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New Zealand Halloysite

Alternate Names: New Zealand Kaolin, New Zealand PFC

OxideAnalysisFormula
TiO20.05%0.002
Al2O335.50%1.000
SiO250.40%2.410
Fe2O30.25%0.004
LOI13.80
Oxide Weight247.67
Formula Weight287.32
If this formula is not unified correctly please contact us.

New Zealand China Clays claim that this is the whitest clay in the world. The white primary clay deposits mined at Matauri Bay are derived from the alteration of acid volcanic rocks. The aluminosilicate feldspar minerals in the parent rhyolite have been broken down to their constituents by low temperature hydrothermal alteration and have then reconstituted as halloysite. Thus, while often called a kaolin, technically it is a halloysite.

The company has developed a unique beneficiation process (which includes filter pressing and thus the designation PFC or Premium Filter Cake) to ensure a high degree of purity. They claim 0.1% on a 240 mesh screen

This material is exported to many parts of the world. Small scale users have found it a little whiter burning than Grolleg Kaolin. It also supports translucency better. As a pure material, NZK is much less plastic than pure Grolleg (being barely plastic enough to wedge and roll into a slab, for example). However Grolleg requires about the same amount of bentonite (or VeeGum) compared to NZK to create a porcelain of the same plasticity. NZK responds especially well to VeeGum to create very plastic porcelains that still dry very well.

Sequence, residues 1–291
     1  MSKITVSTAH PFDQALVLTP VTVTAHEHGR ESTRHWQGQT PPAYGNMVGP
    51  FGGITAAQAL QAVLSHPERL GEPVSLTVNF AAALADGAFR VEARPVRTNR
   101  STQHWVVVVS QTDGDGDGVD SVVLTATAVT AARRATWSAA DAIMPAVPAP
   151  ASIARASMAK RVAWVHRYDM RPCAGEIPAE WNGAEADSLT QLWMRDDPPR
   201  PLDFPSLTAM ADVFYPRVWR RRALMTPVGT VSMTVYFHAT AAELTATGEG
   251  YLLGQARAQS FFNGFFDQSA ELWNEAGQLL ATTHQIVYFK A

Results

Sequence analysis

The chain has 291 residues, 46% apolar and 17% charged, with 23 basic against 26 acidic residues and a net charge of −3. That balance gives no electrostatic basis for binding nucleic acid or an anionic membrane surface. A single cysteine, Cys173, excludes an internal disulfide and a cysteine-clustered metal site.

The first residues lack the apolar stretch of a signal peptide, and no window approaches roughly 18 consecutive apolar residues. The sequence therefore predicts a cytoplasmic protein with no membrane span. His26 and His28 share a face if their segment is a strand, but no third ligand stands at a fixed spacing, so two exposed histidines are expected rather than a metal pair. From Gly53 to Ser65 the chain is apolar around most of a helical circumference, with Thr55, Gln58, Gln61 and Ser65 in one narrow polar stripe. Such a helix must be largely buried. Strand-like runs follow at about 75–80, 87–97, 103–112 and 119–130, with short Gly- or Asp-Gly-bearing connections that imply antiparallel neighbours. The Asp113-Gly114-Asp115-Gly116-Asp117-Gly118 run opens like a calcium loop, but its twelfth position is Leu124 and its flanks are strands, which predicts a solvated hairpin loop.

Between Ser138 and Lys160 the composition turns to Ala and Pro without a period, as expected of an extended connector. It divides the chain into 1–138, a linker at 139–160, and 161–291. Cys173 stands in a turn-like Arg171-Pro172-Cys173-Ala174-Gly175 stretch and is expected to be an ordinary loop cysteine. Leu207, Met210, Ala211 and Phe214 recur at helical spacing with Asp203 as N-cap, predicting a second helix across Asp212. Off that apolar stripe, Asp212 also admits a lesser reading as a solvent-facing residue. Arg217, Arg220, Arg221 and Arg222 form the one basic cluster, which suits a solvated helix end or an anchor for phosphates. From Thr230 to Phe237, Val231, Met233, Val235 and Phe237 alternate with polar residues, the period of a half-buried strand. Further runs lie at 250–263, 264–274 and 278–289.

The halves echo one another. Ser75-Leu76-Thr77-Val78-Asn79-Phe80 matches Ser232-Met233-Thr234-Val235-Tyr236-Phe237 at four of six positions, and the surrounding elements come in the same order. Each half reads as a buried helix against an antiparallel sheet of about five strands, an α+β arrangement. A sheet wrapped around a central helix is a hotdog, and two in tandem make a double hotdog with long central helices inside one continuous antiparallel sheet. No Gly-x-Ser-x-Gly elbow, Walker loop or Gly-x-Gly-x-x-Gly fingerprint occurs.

Fired color of a New Zealand based porcelain compared to other bodies

Fired color of a New Zealand based porcelain compared to other bodies

The whitest test bar here is a New-Zealand-kaolin-based cone 6 porcelain (employs VeeGum for plasticity). Immediately to the left of it are three North American-koalin-based bodies using standard bentonites. The bar to is right in a Grolleg based body that uses a standard bentonite rather than a white burning one. All are plastic.

Now that is a translucent porcelain!

Now that is a translucent porcelain!

These are two cone 6 transparent glazed porcelain mugs with a light bulb inside. On the left is the porcelainous Plainsman M370 (Laguna B-Mix 6 would have similar opacity). Right is a zero-porosity New Zealand kaolin based porcelain called Polar Ice (from Plainsmanclays.com also)! The secret to making a plastic porcelain this white and translucent is not just the NZ kaolin, but the use of a very expensive plasticizer, VeeGum T, to enable maximizing the feldspar to get the fired maturity.

Cone 6 porcelain marbled and thrown

Cone 6 porcelain marbled and thrown

These bowls were made by Tony Hansen using a mixture of white and stained New-Zealand-kaolin-based porcelain (Plainsman Polar Ice) fired at cone 6. The body is not only white, but very translucent.

Cone 6 translucent marbled bowl by Tony Hansen

Cone 6 translucent marbled bowl by Tony Hansen

A transparent glazed. It is a made from Plainsman Polar Ice in 2014 (a New Zealand kaolin based porcelain) and fired to cone 6 with G2926B clear glaze. 5% Mason 6306 teal blue stain was added to the clay, then this was wedged only a few times. The piece was thrown, then trimmed on the outside at the leather hard stage and sanded on the inside when dry.

Compare powder color of super white kaolins

Compare powder color of super white kaolins

These three materials also fire to a similar color. Grolleg is the most plastic, Dragonite the least.

Cast to only 1mm wall thickness? NZ Kaolin+VeeGum can.

Cast to only 1mm wall thickness? NZ Kaolin+VeeGum can.